1. Cardinal Sturrock: Gross, old Igor also has a bug dæmon, but adds a stoop so forced, it’s borderline ableist. (*Mugatu voice*) Doesn’t anyone in this universe notice how ghoulish the Magisterium’s leadership is? What is the incentive for being a Catholic here, exactly? Anyway, the actor, Ian Peck, is clearly having the time of his life, chewing up the scenery like he’s the evil sorcerer in a high school drama production; for this reason alone he ranks infinitesimally higher than Garret. In the words of a master: wow, no thank you.

  1. Father MacPhail: The primary errand boy for the Magisterium reaps the hot-by-association benefits of working off Mrs. Coulter. She uses her chaotic sexuality as a defense weapon when he comes to her home to threaten her, conspicuously stuffing something (the key?) in her shirt and stepping into his personal space, once they’re alone in her study, to offer him a beverage she knows he won’t take. Dude is miles from being Hot Priest, but it was at least fun to see him squirm.

  1. Farder Coram: I mean, somebody out there has to have a thing for kindly Santa Dads. I will also offer the Gyptian patriarch a handicap, in the form of “he once was hot enough to seduce a witch queen” (if this means nothing to you now, it will soon enough).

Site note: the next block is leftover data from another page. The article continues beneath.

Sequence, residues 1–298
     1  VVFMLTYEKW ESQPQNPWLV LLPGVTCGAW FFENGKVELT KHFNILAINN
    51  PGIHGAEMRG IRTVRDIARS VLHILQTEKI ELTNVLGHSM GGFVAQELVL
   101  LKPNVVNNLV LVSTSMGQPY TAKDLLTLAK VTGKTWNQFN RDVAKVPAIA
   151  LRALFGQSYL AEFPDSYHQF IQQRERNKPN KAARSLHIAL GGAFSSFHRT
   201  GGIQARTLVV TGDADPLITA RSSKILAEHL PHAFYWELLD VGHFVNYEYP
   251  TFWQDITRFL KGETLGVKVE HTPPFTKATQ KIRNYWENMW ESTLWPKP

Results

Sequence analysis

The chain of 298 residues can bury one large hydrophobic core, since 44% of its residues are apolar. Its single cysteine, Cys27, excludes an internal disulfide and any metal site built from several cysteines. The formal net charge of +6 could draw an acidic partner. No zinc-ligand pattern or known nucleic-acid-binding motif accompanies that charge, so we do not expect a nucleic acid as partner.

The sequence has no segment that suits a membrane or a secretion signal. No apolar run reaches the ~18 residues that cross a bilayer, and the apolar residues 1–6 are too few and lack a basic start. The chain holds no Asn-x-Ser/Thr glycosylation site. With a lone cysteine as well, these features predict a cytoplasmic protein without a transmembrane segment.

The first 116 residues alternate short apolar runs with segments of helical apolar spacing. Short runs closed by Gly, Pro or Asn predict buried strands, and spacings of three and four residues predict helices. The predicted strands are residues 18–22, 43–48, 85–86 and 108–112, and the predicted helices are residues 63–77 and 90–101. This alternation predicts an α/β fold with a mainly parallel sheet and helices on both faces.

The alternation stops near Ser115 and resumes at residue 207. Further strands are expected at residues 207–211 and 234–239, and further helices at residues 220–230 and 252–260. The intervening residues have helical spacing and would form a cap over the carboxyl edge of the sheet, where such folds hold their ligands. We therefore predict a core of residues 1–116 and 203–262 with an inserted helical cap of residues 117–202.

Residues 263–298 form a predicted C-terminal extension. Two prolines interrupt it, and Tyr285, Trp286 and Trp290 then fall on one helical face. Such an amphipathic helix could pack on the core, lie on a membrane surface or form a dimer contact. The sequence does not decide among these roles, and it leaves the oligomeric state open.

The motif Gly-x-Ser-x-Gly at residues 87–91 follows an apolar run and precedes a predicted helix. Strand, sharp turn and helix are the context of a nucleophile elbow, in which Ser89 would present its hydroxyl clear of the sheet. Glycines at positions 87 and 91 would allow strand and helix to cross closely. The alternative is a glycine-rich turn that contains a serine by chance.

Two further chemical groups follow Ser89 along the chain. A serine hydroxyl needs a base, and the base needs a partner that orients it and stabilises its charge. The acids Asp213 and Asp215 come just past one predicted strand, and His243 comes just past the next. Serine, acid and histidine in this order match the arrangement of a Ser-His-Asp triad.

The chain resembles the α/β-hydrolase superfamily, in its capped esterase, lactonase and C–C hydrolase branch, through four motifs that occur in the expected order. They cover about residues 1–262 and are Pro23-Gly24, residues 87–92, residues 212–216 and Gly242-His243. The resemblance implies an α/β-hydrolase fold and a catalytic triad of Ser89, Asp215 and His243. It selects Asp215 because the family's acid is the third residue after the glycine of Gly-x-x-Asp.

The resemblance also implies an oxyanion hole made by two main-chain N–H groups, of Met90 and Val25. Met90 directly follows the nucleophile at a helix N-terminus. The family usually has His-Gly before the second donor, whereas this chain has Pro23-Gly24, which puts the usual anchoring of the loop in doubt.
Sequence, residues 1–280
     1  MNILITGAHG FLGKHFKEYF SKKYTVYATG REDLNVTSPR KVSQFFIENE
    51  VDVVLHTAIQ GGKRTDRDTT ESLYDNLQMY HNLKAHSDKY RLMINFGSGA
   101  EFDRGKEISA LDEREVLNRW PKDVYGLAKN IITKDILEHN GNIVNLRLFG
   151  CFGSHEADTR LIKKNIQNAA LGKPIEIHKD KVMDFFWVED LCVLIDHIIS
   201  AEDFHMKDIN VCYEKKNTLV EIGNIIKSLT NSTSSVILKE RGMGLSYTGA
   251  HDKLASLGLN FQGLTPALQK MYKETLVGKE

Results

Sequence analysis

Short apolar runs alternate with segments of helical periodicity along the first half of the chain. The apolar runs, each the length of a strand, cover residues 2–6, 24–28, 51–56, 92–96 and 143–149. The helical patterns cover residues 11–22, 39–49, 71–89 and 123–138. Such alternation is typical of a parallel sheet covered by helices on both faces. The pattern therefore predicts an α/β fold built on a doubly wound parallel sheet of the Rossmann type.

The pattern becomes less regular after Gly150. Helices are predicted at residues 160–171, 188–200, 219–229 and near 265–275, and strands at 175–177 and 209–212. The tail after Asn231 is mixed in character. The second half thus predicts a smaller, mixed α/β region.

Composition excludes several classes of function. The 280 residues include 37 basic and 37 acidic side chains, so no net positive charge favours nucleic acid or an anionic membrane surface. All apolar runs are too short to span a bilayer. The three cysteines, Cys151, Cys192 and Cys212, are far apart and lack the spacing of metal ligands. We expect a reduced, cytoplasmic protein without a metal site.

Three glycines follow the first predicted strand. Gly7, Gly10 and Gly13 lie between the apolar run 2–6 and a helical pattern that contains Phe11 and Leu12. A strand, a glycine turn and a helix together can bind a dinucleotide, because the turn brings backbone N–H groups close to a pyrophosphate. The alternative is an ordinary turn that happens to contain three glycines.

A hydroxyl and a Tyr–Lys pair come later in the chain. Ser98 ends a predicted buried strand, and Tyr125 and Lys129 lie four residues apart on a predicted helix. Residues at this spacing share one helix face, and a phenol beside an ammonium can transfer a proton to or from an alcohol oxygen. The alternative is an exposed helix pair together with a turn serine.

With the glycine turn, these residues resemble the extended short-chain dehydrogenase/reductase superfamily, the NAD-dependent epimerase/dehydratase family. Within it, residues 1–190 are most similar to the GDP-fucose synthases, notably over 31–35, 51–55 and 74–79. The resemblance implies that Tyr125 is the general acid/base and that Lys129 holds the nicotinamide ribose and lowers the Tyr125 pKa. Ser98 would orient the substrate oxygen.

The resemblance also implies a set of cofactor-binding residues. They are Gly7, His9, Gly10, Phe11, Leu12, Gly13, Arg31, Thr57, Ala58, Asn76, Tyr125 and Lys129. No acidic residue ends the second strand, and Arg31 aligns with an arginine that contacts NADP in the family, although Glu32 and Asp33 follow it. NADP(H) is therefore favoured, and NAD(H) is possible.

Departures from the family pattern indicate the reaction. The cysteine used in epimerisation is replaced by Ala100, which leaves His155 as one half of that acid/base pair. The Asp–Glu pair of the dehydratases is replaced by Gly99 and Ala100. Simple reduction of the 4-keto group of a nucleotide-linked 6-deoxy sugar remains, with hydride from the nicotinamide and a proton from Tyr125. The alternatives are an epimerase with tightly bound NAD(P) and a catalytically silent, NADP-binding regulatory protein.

1. Ma Costa: Oof, Ma is breaking my heart, especially in the moment with John Faa. She’s not the Ma Costa we truly deserve, if I’m being honest—Ma is supposed to be a “solid” (fat) woman who could win a physical fight with a man, if necessary—but if she screamed at me to go find our son, I would probably walk into the sea (or river) before I came home empty handed.

  1. The Master: A tired scholar telling a powerful bully to go fuck himself? Yes, good. Also: his dæmon, some sort of raven or giant corvid, is terrifyingly beautiful.